However I'm quite sure that this is not the first time Taubes has been challenged and informed about the erroneous logic of his "all it takes is 10 calories a day" diversion.   Kevin Hall is not some obscure scientist toiling away in the bowels of NIH.  He's been somewhat of a nemesis of Taubes' since at least 2010 (when I started blogging).  Kevin Hall was also the highly celebrated lead scientist on the first NuSI funded study ... that is until the results were in.  Kevin Hall is also the developer of the Body Weight Simulator (BWS) and has spoken about the 3500 calorie "myth".  He's talked about this very same thing in the context of weight loss before.  

Unfortunately the simulator doesn't work for weight gain, but we get somewhat similar results looking at losing from 203 to 200 pounds (calorie estimates are nominally lower using the BWS).  We see that to lose 3 pounds in a year requires a 50 calorie deficit per day from baseline.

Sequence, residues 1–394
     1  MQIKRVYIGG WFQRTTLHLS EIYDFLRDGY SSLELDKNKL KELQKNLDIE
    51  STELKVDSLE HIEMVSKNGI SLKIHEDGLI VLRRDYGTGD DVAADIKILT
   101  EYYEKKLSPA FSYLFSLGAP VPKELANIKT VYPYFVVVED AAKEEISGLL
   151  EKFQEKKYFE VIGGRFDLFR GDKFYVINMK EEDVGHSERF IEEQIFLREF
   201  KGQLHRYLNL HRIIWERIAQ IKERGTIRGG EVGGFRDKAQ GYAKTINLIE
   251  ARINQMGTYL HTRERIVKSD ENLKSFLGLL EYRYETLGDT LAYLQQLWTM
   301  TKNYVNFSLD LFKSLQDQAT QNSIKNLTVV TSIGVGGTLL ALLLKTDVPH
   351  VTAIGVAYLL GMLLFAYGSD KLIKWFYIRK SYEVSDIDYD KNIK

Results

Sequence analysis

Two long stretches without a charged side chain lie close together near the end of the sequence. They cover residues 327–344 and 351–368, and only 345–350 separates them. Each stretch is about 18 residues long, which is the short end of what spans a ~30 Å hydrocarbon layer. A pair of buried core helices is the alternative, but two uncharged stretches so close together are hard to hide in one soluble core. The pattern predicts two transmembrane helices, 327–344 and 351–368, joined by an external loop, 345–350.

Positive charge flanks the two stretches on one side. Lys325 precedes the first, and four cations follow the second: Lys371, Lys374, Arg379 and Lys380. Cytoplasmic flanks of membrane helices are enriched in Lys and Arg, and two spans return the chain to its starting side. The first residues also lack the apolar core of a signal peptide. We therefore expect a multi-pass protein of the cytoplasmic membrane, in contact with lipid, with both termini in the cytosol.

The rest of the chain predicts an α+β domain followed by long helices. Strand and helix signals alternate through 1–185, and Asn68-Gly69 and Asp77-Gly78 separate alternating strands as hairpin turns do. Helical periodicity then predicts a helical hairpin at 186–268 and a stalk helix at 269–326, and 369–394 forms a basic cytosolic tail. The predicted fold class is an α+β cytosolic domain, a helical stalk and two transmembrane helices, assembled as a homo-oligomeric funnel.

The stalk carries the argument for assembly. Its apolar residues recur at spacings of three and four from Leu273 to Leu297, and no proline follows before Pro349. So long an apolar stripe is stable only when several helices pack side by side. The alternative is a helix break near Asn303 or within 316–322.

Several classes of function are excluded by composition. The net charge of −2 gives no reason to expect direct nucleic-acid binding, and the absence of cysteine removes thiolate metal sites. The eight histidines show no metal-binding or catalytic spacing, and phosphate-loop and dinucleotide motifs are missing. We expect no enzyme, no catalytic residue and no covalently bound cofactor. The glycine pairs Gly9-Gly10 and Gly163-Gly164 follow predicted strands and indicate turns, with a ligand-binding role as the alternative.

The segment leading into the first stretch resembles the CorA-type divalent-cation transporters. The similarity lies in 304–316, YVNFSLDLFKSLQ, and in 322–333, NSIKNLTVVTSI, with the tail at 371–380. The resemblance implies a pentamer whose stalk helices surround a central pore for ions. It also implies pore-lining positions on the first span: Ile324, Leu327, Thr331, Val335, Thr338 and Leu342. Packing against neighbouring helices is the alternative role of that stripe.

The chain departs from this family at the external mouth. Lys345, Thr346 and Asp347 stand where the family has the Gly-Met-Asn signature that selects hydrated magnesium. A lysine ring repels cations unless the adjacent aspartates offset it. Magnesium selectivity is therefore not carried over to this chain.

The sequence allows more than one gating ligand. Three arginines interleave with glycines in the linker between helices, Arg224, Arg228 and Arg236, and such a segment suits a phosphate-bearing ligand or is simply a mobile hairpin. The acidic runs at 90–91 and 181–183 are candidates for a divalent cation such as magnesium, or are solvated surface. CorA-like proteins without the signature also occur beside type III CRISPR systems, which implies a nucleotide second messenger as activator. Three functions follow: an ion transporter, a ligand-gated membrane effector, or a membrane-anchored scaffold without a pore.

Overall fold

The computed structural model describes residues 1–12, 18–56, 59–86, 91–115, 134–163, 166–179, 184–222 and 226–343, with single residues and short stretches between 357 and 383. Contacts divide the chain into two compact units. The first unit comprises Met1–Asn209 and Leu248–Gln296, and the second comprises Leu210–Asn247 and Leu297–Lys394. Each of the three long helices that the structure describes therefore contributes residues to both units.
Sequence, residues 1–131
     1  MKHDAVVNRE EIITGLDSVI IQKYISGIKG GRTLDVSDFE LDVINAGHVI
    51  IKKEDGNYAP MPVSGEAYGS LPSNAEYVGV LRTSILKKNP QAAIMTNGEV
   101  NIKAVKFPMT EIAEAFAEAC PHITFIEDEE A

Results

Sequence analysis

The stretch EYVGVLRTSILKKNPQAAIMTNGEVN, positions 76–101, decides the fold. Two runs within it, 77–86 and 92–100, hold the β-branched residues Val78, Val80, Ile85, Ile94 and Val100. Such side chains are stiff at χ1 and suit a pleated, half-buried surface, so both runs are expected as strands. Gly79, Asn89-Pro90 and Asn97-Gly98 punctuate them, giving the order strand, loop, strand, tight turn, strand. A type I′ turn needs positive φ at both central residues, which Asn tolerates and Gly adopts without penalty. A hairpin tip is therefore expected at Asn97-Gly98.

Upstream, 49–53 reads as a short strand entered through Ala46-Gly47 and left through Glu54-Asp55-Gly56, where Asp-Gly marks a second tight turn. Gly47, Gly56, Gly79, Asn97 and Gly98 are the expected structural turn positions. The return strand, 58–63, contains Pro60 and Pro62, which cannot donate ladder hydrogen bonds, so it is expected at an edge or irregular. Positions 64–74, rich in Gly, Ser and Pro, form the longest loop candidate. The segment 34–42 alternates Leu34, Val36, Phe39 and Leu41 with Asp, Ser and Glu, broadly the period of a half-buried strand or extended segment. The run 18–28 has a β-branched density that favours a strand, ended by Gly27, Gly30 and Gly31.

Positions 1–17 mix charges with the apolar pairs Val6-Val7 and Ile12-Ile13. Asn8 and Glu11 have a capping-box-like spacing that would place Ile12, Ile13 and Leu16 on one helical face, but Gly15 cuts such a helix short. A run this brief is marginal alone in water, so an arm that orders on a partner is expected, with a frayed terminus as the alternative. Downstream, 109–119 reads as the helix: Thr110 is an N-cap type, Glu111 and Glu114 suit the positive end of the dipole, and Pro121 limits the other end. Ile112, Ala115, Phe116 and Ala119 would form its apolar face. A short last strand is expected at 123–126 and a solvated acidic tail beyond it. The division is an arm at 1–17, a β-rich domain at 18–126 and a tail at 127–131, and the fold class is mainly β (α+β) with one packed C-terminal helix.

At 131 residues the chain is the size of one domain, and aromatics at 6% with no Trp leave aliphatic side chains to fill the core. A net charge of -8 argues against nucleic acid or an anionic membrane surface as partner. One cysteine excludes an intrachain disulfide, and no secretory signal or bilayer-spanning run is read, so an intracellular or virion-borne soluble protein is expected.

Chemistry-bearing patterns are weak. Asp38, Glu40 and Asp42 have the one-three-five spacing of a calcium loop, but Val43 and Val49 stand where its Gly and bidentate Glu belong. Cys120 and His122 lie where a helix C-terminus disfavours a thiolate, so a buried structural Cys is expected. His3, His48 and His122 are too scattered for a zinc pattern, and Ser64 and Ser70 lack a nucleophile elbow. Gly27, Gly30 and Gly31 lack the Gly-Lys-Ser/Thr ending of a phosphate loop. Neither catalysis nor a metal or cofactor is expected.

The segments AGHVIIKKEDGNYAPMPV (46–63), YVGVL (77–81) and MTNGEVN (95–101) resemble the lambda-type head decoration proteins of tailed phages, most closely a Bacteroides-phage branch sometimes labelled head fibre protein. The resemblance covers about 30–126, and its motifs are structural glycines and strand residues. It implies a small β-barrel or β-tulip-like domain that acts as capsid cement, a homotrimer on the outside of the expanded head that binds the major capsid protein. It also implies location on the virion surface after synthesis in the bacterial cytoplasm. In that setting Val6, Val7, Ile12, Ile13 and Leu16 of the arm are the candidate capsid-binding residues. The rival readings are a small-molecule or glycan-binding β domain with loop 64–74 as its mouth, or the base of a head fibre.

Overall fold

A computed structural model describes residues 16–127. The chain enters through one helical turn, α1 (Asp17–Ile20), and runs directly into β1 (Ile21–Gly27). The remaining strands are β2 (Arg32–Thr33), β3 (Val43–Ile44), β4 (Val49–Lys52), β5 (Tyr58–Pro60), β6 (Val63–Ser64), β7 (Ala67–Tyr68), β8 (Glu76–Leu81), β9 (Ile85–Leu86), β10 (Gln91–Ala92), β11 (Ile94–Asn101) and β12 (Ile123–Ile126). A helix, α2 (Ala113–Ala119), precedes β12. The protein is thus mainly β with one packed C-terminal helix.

In order to maintain
your current weight,
you should eat:

3,073

Calories/day
To reach your goal of 
200 lbs in 365 days,
you should eat:

3,023

Calories/day
To maintain your goal
of 200 lbs,
you should eat:

3,041

Calories/day



Note, the body weight loss is not linear but is rather leveling off.  For larger weight losses this is more profound.  The red line on the second graph is expenditure and you can see that as TEE decreases with weight loss, the Energy Deficit declines, hence the rate of weight loss slows.    Once at 200 lbs, Friend could increase his intake to 3041 calories.  Thus, the net caloric reduction over the loss of 3 pounds is roughly 32 calories less per day than 203 lb weight maintenance intake.